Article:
Tuesday, 6 January 2009

medical tourism-disadvantages


Medical tourism is the practice of travelling to another country in order to receive medical attention, be it heart surgery, breast implants, a hip replacement, or dental work. Depending on the location and procedure, a medical vacation can cost 50%, 30%, or even 10% of what you would pay at home. Medical tourism (also called medical travel, health tourism or global healthcare) is a term initially coined by travel agencies and the mass media to describe the rapidly-growing practice of travelling across international borders to obtain health care. Such services typically include elective procedures as well as complex specialized surgeries such as joint replacement (knee/hip), cardiac surgery, dental surgery, and cosmetic surgeries. Medical tourism can be broadly defined as the provision of 'cost effective' private medical care in collaboration with the tourism industry for patients needing surgical and other forms of specialized treatment. The process of healthcare tourism is jointly facilitated by the corporate sector involved in medical and healthcare as well as the tourism industry - both private and public.

Over 50 countries have identified medical tourism as a national industry.[1] heart valve operation that might require $100,000 in the States could cost well under $10,000 in a country like India where lower labour costs help drive down the price considerably. The same is true in popular medical tourism destinations like Thailand, Argentina, Singapore, and Hungary. The key selling points of the Indian medical tourism industry are the combination of high quality facilities, competent, English-speaking medical professionals, “cost effectiveness” and the attractions of tourism. The cost differential is huge: Open-heart surgery costs up to $70,000 in Britain and $150,000 in the US; in India's best hospitals it could cost between $3,000 and $10,000. Knee surgery costs Rs. 3.5 lakh ($7,700) in India; in Britain it costs $16,950 (2) Public expenditure on health in India has hovered around 0.9 per cent of gross domestic product (GDP) in the past decade, down from 1.3 per cent (also meagre) in 1991 (3)

Indian medical care: a study in contrasts

Medical care in India is today a study in contrasts, typical of countries that have promoted segmentation in healthcare: expensive private care catering to the elite and poor quality public-funded care for the poor. When the poor are forced to seek private medical services they face pauperisation: more than 40 per cent of patients admitted to hospitals borrow money or sell assets and 25 per cent of peasant families with a member needing in-patient care are driven below the poverty line (4). According to industry estimates, the medical tourism market in India was valued at over $310 million in 2005-06 with 1 million foreign medical tourists visiting the country every year. The market is predicted to grow to $2 billion by 2012. These figures are significant when seen in the context of the total healthcare expenditure in the country today - $10 billion in the public sector and $50 billion in the private sector (calculated as approximately one per cent and five per cent of the country's current GDP respectively). Visitors from 55 countries come to India for treatment but the biggest growth in business is from the UK and the US. The Taj Medical Group receives 200 inquiries a day from around the world and arranges packages for 20-40 Britons a month to have operations in India. It also offers follow-up appointments with a consultant in the UK. Apollo Hospital Enterprises treated an estimated 60,000 patients between 2001 and 2004. Apollo now has 46 hospitals with over 7,000 beds and is in partnership with hospitals in Kuwait, Sri Lanka and Nigeria. The government predicts that India's healthcare industry could grow 13 per cent in each of the next six years, boosted by medical tourism which, industry watchers say, is growing at 30 per cent annually (5). Since 2006, the government has also started issuing M (medical) visas to patients and MX visas to the accompanying spouse.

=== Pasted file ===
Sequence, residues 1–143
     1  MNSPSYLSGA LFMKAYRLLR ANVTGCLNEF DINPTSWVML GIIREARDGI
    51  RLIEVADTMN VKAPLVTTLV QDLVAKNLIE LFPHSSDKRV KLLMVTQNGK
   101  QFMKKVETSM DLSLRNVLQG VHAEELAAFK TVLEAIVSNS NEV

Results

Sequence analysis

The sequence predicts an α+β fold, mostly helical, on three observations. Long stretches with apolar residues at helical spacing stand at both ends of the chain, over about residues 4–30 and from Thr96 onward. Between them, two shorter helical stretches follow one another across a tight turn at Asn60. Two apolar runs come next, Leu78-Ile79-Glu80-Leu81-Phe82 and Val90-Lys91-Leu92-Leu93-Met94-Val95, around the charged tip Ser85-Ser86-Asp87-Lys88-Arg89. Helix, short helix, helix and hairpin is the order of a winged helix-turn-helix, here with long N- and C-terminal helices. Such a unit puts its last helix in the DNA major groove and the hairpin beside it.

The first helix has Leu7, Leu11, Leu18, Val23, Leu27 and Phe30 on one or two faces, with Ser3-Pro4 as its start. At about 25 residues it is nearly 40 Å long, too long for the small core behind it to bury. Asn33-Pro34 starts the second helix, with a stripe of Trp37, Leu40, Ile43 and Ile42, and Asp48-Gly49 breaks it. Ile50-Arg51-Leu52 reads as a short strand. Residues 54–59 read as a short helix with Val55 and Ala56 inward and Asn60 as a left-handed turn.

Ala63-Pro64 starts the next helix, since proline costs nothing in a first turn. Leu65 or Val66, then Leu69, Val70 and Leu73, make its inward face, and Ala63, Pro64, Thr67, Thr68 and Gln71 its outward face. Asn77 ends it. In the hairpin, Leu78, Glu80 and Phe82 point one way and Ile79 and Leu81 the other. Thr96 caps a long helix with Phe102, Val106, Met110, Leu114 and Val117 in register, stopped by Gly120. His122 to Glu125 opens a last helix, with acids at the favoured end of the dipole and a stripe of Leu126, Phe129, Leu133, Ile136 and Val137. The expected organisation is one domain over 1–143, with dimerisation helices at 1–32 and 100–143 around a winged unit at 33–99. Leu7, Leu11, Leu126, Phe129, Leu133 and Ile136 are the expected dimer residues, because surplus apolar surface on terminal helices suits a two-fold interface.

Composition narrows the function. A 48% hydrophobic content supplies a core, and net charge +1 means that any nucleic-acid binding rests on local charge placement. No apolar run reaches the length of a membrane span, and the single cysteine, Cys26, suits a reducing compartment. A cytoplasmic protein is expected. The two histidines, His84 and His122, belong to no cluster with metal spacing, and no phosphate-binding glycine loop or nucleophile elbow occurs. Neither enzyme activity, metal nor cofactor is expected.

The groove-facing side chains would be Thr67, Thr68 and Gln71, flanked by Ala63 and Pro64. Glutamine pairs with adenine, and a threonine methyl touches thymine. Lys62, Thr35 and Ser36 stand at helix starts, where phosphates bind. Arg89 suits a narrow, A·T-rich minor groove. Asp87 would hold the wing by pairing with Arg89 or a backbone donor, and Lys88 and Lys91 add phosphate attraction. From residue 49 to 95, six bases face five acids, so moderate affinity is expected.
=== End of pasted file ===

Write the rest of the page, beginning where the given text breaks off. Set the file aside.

Medical practices in Thailand practices i are changing and causing ethical dilemmas for Thai medical practitioners. Traditionally, Thais ascribed to Asia-based medical models, which were influenced by Buddhist, Chinese Taoist and animist beliefs. These medical models were accessible to the predominantly rural Thais and were practised by Buddhist monks, Thai and Chinese practitioners and shamans or healing specialists.

The western medical model was an appendage of western colonisation of Asian countries in the 19th century. Thailand was prompted to modernise its society as a way of thwarting western imperialism (